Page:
there is 2 cosets for H={0,2,4,6,8,10}
0+H = H
1+H = {1,3,5,7,9,11}
next is the same with this 2
sure. let's use the group of symmetries of a triangle. this is generated by a rotation of 120 degrees, and a reflection about the x-axis, which i shall call a and b. the multiplication operation is composition of functions (we consider the domain of these functions to be the triangle itself; although if you wish, we can consider them as acting on the entire euclidean plane).
clearly, a^{3} = e, the identity function ("do nothing" = "rotating 360 degrees")
also clearly, b^{2} = e.
by actual experimentation (you could make a triangle out of straws, for example), we see that:
ba = a^{2}b.
thus G = {e,a,a^{2},b,ab,a^{2}b}.
we have an obvious subgroup of order 2: H = {e,b}. let's compute the left and right cosets of H. first the left cosets:
eH = {ee,eb} = {e,b} = H (this one is easy).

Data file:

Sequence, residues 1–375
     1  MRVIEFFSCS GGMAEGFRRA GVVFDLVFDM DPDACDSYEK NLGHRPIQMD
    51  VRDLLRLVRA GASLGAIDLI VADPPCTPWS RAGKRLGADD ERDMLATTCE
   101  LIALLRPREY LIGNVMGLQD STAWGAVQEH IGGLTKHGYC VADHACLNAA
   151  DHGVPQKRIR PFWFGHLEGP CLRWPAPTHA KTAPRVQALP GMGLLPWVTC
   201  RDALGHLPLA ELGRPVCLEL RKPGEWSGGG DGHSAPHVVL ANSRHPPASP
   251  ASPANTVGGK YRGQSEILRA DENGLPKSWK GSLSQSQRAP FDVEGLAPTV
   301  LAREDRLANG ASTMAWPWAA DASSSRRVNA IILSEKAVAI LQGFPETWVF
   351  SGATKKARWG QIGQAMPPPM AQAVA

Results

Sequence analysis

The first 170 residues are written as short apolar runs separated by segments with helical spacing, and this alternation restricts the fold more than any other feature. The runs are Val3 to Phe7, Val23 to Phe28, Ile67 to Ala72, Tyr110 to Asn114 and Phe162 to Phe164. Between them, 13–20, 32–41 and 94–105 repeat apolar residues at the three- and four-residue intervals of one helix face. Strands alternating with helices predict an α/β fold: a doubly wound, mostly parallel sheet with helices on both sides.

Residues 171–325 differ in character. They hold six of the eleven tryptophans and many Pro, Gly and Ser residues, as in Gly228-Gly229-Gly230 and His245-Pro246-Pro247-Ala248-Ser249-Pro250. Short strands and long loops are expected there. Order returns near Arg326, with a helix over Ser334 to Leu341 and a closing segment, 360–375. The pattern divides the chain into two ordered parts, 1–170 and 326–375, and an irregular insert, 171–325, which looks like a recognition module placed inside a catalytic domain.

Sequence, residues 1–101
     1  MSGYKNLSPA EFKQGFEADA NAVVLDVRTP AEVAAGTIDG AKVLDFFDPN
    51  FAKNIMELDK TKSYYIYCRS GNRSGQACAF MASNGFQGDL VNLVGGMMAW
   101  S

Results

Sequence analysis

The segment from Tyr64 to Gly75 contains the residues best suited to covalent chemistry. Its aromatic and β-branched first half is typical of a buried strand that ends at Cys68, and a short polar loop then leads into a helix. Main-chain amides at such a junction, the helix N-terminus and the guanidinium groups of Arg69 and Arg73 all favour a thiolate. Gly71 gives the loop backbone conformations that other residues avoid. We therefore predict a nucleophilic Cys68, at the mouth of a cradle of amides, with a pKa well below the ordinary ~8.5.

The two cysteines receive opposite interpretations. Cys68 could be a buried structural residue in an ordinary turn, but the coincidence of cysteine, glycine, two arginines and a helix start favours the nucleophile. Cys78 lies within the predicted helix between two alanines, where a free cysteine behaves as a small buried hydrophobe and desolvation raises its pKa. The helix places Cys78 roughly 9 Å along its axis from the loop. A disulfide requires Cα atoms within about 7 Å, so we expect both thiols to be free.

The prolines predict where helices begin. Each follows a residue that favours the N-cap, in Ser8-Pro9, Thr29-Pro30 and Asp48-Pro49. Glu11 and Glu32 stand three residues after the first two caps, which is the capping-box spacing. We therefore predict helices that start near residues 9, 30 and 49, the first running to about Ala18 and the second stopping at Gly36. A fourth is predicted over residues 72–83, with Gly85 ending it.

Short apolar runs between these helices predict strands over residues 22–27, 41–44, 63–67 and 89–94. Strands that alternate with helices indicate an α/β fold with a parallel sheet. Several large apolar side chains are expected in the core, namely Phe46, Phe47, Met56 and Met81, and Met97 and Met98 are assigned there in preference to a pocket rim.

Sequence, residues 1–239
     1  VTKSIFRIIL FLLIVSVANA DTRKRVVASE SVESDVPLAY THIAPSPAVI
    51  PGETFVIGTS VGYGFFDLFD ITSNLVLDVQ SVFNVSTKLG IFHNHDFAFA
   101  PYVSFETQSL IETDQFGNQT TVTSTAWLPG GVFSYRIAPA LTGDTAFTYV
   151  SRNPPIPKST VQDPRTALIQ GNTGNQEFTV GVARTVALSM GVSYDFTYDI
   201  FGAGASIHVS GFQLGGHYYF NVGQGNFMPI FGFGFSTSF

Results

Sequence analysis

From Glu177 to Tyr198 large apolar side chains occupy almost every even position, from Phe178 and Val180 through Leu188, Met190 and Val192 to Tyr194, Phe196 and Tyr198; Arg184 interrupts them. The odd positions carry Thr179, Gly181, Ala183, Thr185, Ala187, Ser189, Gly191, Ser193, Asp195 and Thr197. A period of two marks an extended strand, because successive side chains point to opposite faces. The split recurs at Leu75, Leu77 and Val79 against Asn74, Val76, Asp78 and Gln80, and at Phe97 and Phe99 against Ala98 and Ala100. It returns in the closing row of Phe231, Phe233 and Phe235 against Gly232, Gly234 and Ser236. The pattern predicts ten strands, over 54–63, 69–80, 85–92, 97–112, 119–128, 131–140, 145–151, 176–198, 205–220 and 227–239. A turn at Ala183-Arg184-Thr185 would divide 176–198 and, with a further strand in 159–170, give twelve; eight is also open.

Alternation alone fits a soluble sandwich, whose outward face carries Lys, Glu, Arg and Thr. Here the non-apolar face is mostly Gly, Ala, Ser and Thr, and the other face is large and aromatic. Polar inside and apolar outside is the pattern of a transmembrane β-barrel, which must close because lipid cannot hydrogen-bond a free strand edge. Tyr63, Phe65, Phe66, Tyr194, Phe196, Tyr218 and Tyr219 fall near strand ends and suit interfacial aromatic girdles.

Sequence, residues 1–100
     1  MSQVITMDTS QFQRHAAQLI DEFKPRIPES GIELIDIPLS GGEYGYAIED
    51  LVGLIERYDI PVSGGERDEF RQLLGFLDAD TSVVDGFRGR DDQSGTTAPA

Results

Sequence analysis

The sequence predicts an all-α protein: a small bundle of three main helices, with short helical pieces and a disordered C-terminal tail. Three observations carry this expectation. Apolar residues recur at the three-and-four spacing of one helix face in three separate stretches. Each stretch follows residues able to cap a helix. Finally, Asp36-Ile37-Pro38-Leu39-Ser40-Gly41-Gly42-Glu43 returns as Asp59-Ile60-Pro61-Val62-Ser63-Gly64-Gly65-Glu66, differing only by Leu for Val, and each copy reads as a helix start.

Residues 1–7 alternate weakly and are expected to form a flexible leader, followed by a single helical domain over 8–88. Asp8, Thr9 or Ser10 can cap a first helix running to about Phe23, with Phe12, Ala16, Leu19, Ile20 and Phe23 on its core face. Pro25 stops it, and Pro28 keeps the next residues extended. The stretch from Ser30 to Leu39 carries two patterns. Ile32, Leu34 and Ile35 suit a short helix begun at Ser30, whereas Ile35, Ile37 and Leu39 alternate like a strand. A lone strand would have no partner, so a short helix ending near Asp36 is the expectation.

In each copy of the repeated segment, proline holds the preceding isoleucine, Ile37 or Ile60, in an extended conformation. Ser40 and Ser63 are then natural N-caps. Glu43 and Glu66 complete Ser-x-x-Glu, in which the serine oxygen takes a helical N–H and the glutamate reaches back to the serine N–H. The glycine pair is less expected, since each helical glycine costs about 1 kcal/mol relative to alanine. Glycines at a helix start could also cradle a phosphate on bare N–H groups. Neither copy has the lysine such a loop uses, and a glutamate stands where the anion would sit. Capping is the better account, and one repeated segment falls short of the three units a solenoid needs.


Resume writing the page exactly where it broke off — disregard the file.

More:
aH = {ae,ab} = {a,ab}
a^{2}H = {a^{2}e, a^{2}b} = {a^{2},a^{2}b}
so far, so good. these 3 cosets are clearly all different.
bH = {be,bb} = {b,b^{2}} = {b,e} = H (remember, in SETS, order of elements doesn't matter).
(ab)H = {(ab)e, (ab)b} = {ab,ab^{2}} = {ab,a} = aH (not surprising since (ab)H should equal a(bH) = aH, since bH = H).
(a^{2}b)H = {(a^{2}b)e, (a^{2}b)b} = {a^{2}b, a^{2}} = a^{2}H
so we only have 3 "distinct" left cosets, H, aH and a^{2}H.
now let's look at the right cosets of H:
He = H (this really should be obvious).
Ha = {ea,ba} = {a,a^{2}b} (remember that ba = a^{2}b)
Ha^{2} = {ea^{2},ba^{2}}.
hmm. what *is* ba^{2}? we don't rightly know yet. let's figure it out:
ba^{2} = (ba)a = (a^{2}b)a = a^{2}(ba) = a^{2}(a^{2}b) = a^{4}b = (a^{3})(ab) = (e)(ab) = ab.
so Ha^{2} = {a^{2}, ab}.
note that aH is a different set than Ha, and a^{2}H is a different set than Ha^{2}. this shows that when G is non-abelian, for some subgroups H it might be possible that gH ≠ Hg.
i leave it to you to verify the the rest of the cosets are:
Hb = H
H(ab) = Ha^{2}
H(a^{2}b) = Ha
you will discover (shortly) that subgroups for which the left and right cosets are the same, are "special", and have their own name: normal subgroups.